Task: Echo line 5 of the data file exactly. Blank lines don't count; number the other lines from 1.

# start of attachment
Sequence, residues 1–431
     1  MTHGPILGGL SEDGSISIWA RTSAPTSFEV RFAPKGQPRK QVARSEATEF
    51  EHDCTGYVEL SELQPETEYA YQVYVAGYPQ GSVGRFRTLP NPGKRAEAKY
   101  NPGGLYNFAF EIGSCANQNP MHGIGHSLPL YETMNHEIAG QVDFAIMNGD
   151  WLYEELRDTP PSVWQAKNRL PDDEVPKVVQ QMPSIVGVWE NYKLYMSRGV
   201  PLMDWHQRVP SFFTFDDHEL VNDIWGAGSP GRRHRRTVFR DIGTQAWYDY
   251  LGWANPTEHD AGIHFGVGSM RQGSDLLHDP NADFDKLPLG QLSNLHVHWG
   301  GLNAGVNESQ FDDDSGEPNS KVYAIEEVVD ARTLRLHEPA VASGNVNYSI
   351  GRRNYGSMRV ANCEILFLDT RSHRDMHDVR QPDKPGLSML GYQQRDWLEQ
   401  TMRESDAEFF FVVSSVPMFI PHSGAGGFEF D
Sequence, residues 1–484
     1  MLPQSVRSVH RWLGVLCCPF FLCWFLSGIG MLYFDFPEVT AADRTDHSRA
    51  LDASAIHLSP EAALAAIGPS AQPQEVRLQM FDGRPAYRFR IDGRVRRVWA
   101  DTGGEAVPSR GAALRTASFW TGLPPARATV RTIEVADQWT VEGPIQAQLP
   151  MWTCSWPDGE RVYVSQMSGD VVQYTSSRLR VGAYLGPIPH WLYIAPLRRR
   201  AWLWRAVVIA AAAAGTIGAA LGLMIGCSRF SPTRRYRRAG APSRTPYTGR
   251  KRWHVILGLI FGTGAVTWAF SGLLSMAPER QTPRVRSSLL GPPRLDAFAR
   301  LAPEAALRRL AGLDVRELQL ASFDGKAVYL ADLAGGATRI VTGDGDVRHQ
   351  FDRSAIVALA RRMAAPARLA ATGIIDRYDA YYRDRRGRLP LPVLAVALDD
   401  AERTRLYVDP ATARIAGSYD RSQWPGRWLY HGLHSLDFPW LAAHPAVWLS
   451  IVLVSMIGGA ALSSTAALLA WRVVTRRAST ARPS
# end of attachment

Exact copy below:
   151  WLYEELRDTP PSVWQAKNRL PDDEVPKVVQ QMPSIVGVWE NYKLYMSRGV